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Starting A Podcast Part 2: Begin Recording Your Episodes

Starting a podcast part 2: begin recording your episodes

This is the second post in a series about starting a podcast (something I’ve wanted to do for a long time). If you’ve just joined us, I’d suggest starting from part 1 to get a complete guide to starting a podcast.

In this blog series, I’m going to be taking you through starting a podcast, from idea to execution. Here’s an outline of what is to come:

Starting a podcast part 1: get your idea ready
Starting a podcast part 2: begin recording your episodes
Starting a podcast part 3: deploy your podcast
Starting a podcast part 4: measure and improve

In this post I’m going to be talking about the actual recording of your podcast episodes. Having great audio is essential to a great podcast. Bad audio means that you’ll lose subscribers and even get bad ratings. So here is some advice to consider before beginning the recording process.

Starting a podcast: tips on successful recording

A great environment to record in

Audio software can do some amazing things, but nothing beats audio that has been recorded well, and that is high quality and focussed. To get audio that’s focussed on the content (especially if it’s an interview or someone speaking), you ideally want to remove any background noise that will distract the user from the actual content. Sometimes the murmur in the background at a coffee shop adds to the podcast, but if it’s not managed then it’s going to overwhelm the listener.

Also, making sure a room is acoustically tuned ensures that you’re only getting high-quality audio and not getting funny echoes or a recording that sounds hollow (or like you’re in the bathroom).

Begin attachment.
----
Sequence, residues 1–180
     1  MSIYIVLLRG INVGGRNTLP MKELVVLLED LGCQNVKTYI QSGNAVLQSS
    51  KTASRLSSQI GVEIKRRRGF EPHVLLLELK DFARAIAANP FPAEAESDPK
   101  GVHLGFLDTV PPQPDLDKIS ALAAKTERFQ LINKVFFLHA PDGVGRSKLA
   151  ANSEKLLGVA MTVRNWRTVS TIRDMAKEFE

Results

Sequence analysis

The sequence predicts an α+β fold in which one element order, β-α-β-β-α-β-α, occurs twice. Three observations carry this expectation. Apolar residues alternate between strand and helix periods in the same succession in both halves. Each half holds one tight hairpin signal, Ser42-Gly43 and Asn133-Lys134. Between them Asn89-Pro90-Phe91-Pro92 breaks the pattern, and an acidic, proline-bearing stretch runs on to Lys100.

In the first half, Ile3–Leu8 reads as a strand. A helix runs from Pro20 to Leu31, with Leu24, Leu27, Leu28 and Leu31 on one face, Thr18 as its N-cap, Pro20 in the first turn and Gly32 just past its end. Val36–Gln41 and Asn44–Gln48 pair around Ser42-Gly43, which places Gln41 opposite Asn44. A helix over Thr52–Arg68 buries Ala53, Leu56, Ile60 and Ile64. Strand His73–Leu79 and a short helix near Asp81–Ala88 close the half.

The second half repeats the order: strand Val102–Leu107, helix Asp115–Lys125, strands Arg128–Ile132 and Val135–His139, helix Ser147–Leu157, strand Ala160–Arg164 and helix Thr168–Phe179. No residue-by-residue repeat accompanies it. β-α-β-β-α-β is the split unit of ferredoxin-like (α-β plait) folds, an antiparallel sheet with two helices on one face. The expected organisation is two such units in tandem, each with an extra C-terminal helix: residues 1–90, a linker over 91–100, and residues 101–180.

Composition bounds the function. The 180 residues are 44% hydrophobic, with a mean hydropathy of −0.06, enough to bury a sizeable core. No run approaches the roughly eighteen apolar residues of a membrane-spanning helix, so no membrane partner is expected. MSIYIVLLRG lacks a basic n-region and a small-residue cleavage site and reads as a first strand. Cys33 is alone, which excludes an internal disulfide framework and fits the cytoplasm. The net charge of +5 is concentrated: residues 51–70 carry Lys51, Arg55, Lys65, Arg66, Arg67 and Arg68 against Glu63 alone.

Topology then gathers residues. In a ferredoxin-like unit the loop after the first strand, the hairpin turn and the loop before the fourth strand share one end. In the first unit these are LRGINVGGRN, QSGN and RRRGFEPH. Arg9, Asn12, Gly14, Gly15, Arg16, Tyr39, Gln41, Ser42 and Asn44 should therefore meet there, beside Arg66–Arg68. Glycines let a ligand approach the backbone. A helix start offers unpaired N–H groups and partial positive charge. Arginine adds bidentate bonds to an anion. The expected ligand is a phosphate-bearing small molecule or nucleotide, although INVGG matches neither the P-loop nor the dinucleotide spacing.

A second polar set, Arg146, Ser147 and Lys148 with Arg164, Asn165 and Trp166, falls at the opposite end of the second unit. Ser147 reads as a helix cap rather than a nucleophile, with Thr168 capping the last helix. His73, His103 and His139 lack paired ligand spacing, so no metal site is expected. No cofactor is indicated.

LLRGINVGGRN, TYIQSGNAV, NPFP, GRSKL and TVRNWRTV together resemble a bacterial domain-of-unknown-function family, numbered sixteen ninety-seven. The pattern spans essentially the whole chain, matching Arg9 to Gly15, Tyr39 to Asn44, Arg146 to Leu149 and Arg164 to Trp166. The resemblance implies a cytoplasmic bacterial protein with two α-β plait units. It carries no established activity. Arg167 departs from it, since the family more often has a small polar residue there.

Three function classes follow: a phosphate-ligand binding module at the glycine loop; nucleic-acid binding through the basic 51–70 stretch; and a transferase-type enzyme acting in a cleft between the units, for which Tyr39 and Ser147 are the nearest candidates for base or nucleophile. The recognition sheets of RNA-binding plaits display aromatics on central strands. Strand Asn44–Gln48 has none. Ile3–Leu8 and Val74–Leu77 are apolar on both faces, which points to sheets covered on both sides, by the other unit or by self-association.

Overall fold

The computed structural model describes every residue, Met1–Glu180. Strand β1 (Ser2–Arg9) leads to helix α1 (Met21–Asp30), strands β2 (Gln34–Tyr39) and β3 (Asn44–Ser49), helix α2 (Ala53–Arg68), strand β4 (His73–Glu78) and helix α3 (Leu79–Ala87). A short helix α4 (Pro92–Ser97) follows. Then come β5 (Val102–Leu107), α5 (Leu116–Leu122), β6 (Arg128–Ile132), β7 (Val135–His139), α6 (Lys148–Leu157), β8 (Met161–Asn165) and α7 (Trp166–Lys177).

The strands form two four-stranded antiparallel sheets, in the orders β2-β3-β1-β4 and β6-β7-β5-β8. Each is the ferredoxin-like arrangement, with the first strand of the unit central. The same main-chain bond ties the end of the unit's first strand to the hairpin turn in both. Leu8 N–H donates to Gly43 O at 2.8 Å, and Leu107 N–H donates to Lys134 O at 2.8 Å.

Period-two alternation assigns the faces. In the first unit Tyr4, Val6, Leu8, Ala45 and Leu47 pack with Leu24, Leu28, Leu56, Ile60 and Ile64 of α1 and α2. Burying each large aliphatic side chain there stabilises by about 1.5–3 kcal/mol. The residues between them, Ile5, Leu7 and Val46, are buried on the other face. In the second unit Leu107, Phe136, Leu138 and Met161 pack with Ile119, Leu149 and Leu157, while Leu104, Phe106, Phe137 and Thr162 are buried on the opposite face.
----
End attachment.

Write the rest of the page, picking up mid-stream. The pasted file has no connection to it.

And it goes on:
Record audio as well as you can

To get high-quality audio you want a device that can take audio in as high quality as possible. If we’re getting technical, we want something that will record at least 128 kbps (kilobits per second), but 256 kbps is better. Why 256 kbps? Because we want to record the best quality now, so that we don’t have to worry later.

Having a good microphone will also make a world of difference. Funnily enough, an iPhone mic held close to the audio source is pretty good if there isn’t too much interference. Ideally though, you want to get a condenser microphone. It’s even more ideal to have one for every person that’s involved in the podcast (that or awkwardly share one mic). Having said that, starting off with a headset mic or a mic that you find on DSLR cameras will work great to get going.

Post-production software

Chances are the audio won’t be perfect when you record it. You’ll most likely want to listen to it and correct volume levels and tones that might irritate listeners. Things like sibilance (that hiss you hear at the end of S’s) or pops (a popping sound you hear on letters like P) can be removed in post-production.

With the volume on the podcast, you want to be able to put your computer volume on max and get little or now distortion.

If you also want to remove sections of the podcast, you can edit these out and move things around to make the content flow a bit better. However, a word of warning, be careful of changing the order of an interview, as you’ll run the risk of getting you or your interviewee in hot water.

So we have planned our podcast and now we have recorded a high quality episode. Next we will be looking at deploying this podcast to iTunes Podcasts and Google Podcasts (which includes setting it up and hosting the episode). See you soon!

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Seagyn Davis

Seagyn is Flicker Leap's Head Solution Technologist and leads the Innovation team.

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